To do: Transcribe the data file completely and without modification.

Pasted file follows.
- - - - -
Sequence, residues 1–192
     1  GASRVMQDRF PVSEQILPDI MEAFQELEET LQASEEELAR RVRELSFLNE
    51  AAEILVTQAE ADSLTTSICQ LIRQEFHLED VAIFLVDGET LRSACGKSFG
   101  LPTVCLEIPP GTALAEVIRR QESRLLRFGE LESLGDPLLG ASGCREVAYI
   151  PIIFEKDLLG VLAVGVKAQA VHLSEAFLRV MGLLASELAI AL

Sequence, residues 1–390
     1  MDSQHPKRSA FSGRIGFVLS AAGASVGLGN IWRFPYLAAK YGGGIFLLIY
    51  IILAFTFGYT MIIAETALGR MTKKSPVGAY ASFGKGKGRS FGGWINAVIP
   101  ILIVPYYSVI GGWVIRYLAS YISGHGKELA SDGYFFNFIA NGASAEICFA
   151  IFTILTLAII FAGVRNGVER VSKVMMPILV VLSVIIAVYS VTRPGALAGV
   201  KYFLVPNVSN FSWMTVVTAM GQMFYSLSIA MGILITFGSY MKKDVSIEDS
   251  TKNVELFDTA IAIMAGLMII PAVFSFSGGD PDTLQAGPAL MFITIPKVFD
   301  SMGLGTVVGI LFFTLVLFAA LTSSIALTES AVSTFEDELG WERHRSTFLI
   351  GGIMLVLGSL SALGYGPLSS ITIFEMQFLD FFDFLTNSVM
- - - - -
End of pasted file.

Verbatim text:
Sequence, residues 1–192
     1  GASRVMQDRF PVSEQILPDI MEAFQELEET LQASEEELAR RVRELSFLNE
    51  AAEILVTQAE ADSLTTSICQ LIRQEFHLED VAIFLVDGET LRSACGKSFG
   101  LPTVCLEIPP GTALAEVIRR QESRLLRFGE LESLGDPLLG ASGCREVAYI
   151  PIIFEKDLLG VLAVGVKAQA VHLSEAFLRV MGLLASELAI AL

Sequence, residues 1–390
     1  MDSQHPKRSA FSGRIGFVLS AAGASVGLGN IWRFPYLAAK YGGGIFLLIY
    51  IILAFTFGYT MIIAETALGR MTKKSPVGAY ASFGKGKGRS FGGWINAVIP
   101  ILIVPYYSVI GGWVIRYLAS YISGHGKELA SDGYFFNFIA NGASAEICFA
   151  IFTILTLAII FAGVRNGVER VSKVMMPILV VLSVIIAVYS VTRPGALAGV
   201  KYFLVPNVSN FSWMTVVTAM GQMFYSLSIA MGILITFGSY MKKDVSIEDS
   251  TKNVELFDTA IAIMAGLMII PAVFSFSGGD PDTLQAGPAL MFITIPKVFD
   301  SMGLGTVVGI LFFTLVLFAA LTSSIALTES AVSTFEDELG WERHRSTFLI
   351  GGIMLVLGSL SALGYGPLSS ITIFEMQFLD FFDFLTNSVM